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By Mark Davis
The nation founders, the Lone Star State thrives
Topic - omar suleiman
It's not that secrets won't matter, but in an information age, a larger percentage of the knowledge required for wise policymaking will not have to be stolen. It will be generally available.
Thousands of Islamists packed Cairo's Tahrir Square on Friday to pressure the country's ruling generals to bar Hosni Mubarak-era officials, including his former spy chief, from running in the upcoming presidential elections.
Hosni Mubarak's former spy chief said in comments published Thursday that he decided to run for president to prevent Islamists from turning Egypt into a "religious state," and warned that the country would be internationally isolated if one of them won the presidency.
Hosni Mubarak's former vice president and spy chief said in comments published Monday that he would not attempt to "reinvent" the regime of his longtime mentor if he is elected president of Egypt.
The former intelligence chief of Egyptian President Hosni Mubarak filed papers Saturday to be a candidate in the country's soon-approaching presidential election, a surprise move viewed by many as an attempt by Egypt's military rulers to promote one of their own and block a government takeover by Islamist parties.
When the news of President Hosni Mubarak's resignation broke early Friday evening, ecstatic protesters across Cairo rushed into Tahrir Square -- whistling, cheering and shouting “God is Great!” and “He's gone!”
The fall of Egyptian President Hosni Mubarak's government Friday made for a giddy day of media coverage that combined the historical sweep of an event such as the fall of the Berlin Wall with the pandemonium of New Year's Eve in Times Square.
Egypt exploded with joy, tears and relief after pro-democracy protesters brought down President Hosni Mubarak with a momentous march on his palaces and state TV. Mubarak, who until the end seemed unable to grasp the depth of resentment over his three decades of authoritarian rule, finally resigned Friday and handed power to the military.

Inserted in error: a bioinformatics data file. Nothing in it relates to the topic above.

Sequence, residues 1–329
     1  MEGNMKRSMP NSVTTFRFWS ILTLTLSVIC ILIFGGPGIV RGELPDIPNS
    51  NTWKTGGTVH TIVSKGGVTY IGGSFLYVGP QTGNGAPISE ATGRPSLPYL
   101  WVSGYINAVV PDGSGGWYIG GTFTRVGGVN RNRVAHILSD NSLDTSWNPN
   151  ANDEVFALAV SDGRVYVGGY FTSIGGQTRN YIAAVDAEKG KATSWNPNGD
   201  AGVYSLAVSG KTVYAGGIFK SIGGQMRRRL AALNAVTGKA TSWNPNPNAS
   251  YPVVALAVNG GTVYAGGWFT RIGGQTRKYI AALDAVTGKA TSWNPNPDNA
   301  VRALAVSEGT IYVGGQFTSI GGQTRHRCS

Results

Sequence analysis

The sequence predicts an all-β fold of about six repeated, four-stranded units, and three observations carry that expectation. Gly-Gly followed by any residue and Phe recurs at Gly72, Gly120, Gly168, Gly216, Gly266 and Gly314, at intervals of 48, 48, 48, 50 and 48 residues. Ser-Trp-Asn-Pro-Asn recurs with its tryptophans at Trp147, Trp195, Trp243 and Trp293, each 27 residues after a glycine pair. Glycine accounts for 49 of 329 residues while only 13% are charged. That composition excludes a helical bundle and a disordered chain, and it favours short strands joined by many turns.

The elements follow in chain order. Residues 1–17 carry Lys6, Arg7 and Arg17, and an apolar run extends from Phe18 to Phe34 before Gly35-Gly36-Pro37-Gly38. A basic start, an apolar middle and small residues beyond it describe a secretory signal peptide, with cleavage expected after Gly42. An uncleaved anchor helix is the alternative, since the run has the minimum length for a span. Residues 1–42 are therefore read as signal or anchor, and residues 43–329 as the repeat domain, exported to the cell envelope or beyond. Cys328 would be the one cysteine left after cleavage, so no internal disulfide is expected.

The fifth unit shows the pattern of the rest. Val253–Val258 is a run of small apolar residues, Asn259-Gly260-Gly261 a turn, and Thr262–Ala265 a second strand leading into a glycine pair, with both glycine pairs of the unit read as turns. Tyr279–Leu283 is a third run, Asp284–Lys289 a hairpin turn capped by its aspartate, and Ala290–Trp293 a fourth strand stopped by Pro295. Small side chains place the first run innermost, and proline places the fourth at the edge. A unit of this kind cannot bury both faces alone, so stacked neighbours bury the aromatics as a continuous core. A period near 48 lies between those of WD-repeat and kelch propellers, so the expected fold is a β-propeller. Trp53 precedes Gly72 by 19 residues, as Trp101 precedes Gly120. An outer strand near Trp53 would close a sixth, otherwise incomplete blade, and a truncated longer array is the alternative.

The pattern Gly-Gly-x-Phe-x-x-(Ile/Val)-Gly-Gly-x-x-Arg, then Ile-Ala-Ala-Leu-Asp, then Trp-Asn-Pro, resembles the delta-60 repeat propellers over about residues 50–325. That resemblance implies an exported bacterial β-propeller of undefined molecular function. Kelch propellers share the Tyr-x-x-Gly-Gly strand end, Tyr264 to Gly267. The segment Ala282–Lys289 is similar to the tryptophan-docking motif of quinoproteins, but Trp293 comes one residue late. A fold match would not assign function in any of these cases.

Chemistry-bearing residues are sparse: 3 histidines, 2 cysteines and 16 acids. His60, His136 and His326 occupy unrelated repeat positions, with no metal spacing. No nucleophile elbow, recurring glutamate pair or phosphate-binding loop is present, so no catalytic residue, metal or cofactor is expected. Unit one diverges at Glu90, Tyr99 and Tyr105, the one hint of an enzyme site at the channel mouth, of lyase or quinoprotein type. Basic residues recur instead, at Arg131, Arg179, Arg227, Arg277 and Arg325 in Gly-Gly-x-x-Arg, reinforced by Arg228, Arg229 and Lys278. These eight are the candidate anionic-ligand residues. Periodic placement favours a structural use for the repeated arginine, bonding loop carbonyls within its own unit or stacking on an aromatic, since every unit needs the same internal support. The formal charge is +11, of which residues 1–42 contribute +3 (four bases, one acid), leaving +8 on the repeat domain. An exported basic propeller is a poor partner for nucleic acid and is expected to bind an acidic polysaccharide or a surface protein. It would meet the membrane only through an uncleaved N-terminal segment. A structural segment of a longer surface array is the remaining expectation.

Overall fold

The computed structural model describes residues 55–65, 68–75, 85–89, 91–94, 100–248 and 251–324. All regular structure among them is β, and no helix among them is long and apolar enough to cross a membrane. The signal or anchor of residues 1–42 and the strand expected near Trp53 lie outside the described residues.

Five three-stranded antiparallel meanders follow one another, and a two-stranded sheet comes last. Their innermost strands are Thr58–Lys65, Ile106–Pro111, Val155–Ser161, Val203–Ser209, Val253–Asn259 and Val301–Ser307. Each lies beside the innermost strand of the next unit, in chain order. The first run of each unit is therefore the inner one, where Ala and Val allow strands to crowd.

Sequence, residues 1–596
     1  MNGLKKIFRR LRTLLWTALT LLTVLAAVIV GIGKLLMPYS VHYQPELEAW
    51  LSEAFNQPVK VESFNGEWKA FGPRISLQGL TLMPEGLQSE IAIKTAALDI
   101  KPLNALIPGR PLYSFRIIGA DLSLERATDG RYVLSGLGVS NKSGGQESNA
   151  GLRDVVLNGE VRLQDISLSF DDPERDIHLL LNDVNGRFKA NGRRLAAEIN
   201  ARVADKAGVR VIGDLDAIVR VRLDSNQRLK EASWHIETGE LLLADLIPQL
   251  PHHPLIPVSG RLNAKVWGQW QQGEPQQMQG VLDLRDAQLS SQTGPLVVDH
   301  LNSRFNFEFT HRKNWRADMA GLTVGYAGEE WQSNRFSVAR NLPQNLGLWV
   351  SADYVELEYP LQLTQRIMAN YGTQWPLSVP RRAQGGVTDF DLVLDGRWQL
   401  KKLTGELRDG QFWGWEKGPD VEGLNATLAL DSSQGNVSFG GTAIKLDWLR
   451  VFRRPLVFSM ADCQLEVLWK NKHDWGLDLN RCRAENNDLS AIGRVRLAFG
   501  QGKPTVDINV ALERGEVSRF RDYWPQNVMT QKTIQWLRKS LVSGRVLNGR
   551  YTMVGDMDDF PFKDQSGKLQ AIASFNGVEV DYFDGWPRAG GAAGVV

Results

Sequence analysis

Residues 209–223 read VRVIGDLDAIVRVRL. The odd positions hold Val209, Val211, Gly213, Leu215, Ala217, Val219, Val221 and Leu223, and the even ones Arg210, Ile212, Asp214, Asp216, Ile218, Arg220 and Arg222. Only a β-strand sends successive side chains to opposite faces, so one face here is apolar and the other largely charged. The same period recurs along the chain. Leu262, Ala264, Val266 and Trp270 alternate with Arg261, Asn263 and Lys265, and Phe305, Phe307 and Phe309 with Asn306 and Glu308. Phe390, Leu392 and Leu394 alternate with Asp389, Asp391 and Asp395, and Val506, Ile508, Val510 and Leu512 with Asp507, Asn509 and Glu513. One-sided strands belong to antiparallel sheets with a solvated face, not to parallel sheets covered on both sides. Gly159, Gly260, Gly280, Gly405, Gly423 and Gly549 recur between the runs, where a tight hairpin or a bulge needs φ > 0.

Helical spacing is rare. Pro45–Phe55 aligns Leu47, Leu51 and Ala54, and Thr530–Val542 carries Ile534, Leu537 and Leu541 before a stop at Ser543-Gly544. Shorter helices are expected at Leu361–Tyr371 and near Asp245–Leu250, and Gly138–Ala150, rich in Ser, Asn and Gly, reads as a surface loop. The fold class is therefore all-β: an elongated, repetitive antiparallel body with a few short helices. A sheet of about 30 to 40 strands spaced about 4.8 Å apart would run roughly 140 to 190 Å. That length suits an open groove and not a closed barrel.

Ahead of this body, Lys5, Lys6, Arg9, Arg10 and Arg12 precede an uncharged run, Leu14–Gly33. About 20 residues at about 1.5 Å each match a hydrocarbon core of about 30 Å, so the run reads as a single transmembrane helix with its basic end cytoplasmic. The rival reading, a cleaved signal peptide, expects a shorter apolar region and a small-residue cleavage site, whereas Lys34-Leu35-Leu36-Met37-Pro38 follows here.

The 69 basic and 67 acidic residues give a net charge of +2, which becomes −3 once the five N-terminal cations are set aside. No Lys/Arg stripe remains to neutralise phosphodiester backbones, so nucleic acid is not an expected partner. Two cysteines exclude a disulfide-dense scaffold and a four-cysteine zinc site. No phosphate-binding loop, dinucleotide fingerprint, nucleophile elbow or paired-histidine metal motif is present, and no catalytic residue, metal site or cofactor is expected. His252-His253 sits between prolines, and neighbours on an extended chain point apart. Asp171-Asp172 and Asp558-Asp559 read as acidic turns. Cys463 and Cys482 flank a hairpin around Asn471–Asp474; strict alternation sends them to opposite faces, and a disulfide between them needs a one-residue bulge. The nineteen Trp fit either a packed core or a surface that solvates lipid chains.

Gen. Omar Suleiman emerged in recent weeks as the man most likely to oversee a transition toward political reform in Egypt. However, he is an unpalatable choice for the hundreds of thousands of Egyptians who have gathered in Cairo's Tahrir Square.
Egyptian President Hosni Mubarak announced he is handing his powers over to his vice president, Omar Suleiman, and ordered constitutional amendments Thursday. But the move means he retains his title of president and ensures regime control over the reform process, falling short of protester demands.
Egyptian President Hosni Mubarak announced late Thursday that he had relinquished authority to his vice president but refused to step down, enraging thousands of protesters who had thought he would resign — and even had begun celebrating his departure in the hours before his speech.
Egypt's anti-government activists pushed to expand their protests and sought to drum up labor unrest as thousands launched strikes at state firms and offices around the country, in defiance of the vice president's warning that demonstrations calling for President Hosni Mubarak's ouster would not be tolerated for much longer.
After more than two weeks of 24-hour-a-day demonstrations, many thought Egypt's young protesters would be tired by now. They were wrong.
A young Google executive who helped ignite Egypt's uprising energized a cheering crowd of hundreds of thousands Tuesday with his first appearance in their midst after being released from 12 days in secret detention. "We won't give up," he promised at one of the biggest protests yet in Cairo's Tahrir Square.
Egypt's vice president met a broad representation of major opposition groups for the first time Sunday and offered new concessions including freedom of the press, release of those detained since anti-government protests began nearly two weeks ago and the eventual lifting of the country's hated emergency laws.
We were then, of course, reflecting on the Arab Awakening, an understanding of which may not have been particularly advanced by purloining a document from the safe of, say, Omar Suleiman, then head of the Egyptian intelligence service.
In what was seen as a counter move, backed by the military generals, Suleiman announced his candidacy and said in remarks published in a newspaper interview that he wants to stop Islamists from turning Egypt into a religious state.